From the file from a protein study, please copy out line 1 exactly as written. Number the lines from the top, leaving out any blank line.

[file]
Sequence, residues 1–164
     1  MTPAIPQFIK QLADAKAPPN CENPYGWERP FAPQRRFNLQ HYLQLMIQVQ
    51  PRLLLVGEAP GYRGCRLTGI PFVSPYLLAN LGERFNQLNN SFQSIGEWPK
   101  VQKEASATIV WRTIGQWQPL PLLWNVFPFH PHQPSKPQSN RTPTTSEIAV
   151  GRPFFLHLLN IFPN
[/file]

Sequence, residues 1–164